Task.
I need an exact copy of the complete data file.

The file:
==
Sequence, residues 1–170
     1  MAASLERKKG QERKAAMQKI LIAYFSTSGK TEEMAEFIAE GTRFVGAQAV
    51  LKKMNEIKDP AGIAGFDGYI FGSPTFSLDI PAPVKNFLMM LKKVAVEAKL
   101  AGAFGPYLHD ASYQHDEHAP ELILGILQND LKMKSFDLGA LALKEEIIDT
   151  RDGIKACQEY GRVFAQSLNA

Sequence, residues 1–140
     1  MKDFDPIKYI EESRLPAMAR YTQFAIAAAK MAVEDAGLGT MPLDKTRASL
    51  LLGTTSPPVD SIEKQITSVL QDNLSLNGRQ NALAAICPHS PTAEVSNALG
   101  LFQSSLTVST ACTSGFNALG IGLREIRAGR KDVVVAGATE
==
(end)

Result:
Sequence, residues 1–170
     1  MAASLERKKG QERKAAMQKI LIAYFSTSGK TEEMAEFIAE GTRFVGAQAV
    51  LKKMNEIKDP AGIAGFDGYI FGSPTFSLDI PAPVKNFLMM LKKVAVEAKL
   101  AGAFGPYLHD ASYQHDEHAP ELILGILQND LKMKSFDLGA LALKEEIIDT
   151  RDGIKACQEY GRVFAQSLNA

Sequence, residues 1–140
     1  MKDFDPIKYI EESRLPAMAR YTQFAIAAAK MAVEDAGLGT MPLDKTRASL
    51  LLGTTSPPVD SIEKQITSVL QDNLSLNGRQ NALAAICPHS PTAEVSNALG
   101  LFQSSLTVST ACTSGFNALG IGLREIRAGR KDVVVAGATE